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The Joy of Programming | Guest Column
S.G. Ganesh
How to Detect Integer Overflow
Integer overflows often result in nasty bugs. In this column, we’ll look at some techniques to detect an
overflow before it occurs.
I
nteger overflow happens because computers use fixed if ( ((i + j) > INT_MAX) || ((i + j) < INT_MIN) )
width to represent integers. So which are the operations return 0; // wrong implementation
that result in overflow? Bitwise and logical operations
cannot overflow, while cast and arithmetic operations can. Why? Because (i + j) overflows, and when its result is
For example, ++ and += operators can overflow, whereas && stored, it can never be greater than INT_MAX or less than
or & operators (or even << and >> operators) cannot. INT_MIN! That’s precisely the condition (overflow) we
Regarding arithmetic operators, it is obvious that operations want to detect, so it won’t work.
like addition, subtraction and multiplication can overflow. How about modifying the checking expression? Instead
How about operations like (unary) negation, division of ((i + j) > INT_MAX), we can check the condition (i >
and mod (remainder)? For unary negation, -MIN_INT is INT_MAX - j) by moving j to the RHS of the expression. So,
equal to MIN_INT (and not MAX_INT), so it overflows. the condition in isSafeToAdd can be rewritten as:
Following the same logic, division overflows for the
expression (MIN_INT / -1). How about a mod operation? It if( (i > INT_MAX - j) || (i < INT_MIN - j) )
does not overflow. The only possible overflow case (MIN_ return 0;
INT % -1) is equal to 0 (verify this yourself—the formula for
% operator is “a % b = a - ((a / b) * b)”). That works! But can we simplify it further? From
Let us focus on addition. For the statement “int k = (i + j);”: condition (2), we know that for an overflow to occur,
(1) If i and j are of different signs, it cannot overflow. the signs of i and j should be different. If you notice the
(2) If i and j are of same signs (- or +), it can overflow. conditions in (3) and (4), the sign bit of the result (k) is
(3) If i and j are positive integers, then their sign bit is zero. If k different from (i and j). Does this strike you as the check
is negative, it means its sign bit is 1—it indicates the value that the ^ operator can be used? How about this check:
of (i + j) is too large to represent in k, so it overflows.
(4) If i and j are negative integers, then their sign bit is one. If int k = (i + j);
k is positive, it means its sign bit is 0—it indicates that the if( ((i ^ k) & (j ^ k)) < 0)
value of (i + j) is too small to represent in k, so it overflows. return 0;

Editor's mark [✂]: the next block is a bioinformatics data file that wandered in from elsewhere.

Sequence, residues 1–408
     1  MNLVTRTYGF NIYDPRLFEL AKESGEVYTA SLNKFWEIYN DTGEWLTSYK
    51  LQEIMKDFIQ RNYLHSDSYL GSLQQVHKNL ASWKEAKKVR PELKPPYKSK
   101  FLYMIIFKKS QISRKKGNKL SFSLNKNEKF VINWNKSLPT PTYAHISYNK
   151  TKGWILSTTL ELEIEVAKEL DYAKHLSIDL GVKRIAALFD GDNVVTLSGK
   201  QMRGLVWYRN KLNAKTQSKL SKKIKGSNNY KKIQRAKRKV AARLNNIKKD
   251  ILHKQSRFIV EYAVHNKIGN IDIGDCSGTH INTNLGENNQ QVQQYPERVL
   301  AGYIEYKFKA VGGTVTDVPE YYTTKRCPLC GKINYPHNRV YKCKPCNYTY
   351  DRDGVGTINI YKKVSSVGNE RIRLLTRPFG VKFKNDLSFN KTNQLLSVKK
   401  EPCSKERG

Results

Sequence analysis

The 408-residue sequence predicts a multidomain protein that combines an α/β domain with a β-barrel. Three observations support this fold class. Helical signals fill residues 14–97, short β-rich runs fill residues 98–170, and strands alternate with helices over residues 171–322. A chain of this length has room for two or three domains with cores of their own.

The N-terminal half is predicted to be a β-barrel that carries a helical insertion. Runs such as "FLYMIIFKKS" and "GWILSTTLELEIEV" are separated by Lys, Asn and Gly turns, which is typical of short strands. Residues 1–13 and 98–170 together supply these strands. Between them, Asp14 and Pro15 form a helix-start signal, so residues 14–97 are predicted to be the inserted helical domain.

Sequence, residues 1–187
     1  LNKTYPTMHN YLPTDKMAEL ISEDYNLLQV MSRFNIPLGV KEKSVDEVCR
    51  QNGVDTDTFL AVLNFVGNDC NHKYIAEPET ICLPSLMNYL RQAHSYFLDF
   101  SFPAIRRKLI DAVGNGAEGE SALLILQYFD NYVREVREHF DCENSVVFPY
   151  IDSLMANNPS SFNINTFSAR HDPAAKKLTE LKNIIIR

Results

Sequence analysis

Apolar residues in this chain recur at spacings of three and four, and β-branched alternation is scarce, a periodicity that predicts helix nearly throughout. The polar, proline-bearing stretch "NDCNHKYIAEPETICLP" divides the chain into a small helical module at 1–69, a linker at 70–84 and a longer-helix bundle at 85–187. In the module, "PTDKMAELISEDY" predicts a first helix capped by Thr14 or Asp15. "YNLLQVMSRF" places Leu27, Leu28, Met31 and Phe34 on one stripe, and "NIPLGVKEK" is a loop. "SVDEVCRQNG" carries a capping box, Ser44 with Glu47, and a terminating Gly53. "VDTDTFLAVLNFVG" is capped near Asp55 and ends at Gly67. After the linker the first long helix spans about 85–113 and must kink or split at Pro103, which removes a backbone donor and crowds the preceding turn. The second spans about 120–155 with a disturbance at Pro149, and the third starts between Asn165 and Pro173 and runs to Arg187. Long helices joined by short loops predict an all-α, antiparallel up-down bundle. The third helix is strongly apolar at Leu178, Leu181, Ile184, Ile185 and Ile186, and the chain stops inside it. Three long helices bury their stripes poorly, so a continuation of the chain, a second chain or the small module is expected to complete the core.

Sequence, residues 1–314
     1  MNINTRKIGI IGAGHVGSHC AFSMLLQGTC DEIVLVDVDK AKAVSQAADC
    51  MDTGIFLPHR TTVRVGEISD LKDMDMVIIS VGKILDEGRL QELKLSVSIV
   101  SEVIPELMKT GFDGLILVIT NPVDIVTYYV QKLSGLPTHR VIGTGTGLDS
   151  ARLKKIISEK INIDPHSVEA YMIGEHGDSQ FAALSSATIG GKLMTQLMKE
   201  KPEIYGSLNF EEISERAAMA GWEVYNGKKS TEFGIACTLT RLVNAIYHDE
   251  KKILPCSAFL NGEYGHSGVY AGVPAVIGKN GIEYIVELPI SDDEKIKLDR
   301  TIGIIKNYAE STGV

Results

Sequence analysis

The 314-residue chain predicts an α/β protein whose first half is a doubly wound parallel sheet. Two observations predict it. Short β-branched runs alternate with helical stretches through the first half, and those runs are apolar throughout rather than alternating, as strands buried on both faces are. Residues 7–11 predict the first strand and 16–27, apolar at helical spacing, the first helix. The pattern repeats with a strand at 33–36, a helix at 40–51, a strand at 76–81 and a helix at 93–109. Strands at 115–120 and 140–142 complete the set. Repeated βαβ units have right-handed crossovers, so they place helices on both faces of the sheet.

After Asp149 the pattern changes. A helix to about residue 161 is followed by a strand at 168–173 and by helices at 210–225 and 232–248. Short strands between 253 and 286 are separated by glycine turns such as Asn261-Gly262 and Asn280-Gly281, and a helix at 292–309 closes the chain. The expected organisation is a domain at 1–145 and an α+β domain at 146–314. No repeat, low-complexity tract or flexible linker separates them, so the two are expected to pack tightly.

To check for overflow, we have to provide checks
for conditions (3) and (4). Here is the straightforward Let us check it. Assume that i and j are positive
conversion of these two statements into code. The function values and when it overflows, the result k will be
isSafeToAdd returns true or false after checking for overflow. negative. Now the condition (i ^ k) will be a negative
value—the sign bit of i is 0 and the sign bit of k is 1; so
/* Is it safe to add i and j without overflow? ^ of the sign bit will be 1 and hence the value of the
Return value 1 indicates there is no overflow; expression (i ^ k) is negative. So is the case for (j ^ k)
else it is overflow and not safe to add i and j */ and when the & of two values is negative; hence, the
int isSafeToAdd(int i, int j) { condition check with < 0 becomes true when there is
if( (i < 0 && j < 0) && k >=0) || overflow. When i and j are negative and k is positive,
(i > 0 && j > 0) && k <=0) ) the condition again is < 0 ( following the same logic
return 0; described above).
return 1; // no overflow - safe to add i and j So, yes, this also works! Though the if condition is not
} very easy to understand, it is correct and is also an efficient
solution!
Well, this does the work, but is inefficient. Can it be
improved? Let us go back and see what i + j is, when it About the author:
overflows. S G Ganesh is a research engineer in Siemens (Corporate
Technology). His latest book is “60 Tips on Object Oriented
If ((i + j) > INT_MAX) or if ((i + j) < INT_MIN), it
Programming”, published by Tata McGraw-Hill. You can reach
overflows. But if we translate this condition directly into him at sgganesh@gmail.com.
code, it will not work:
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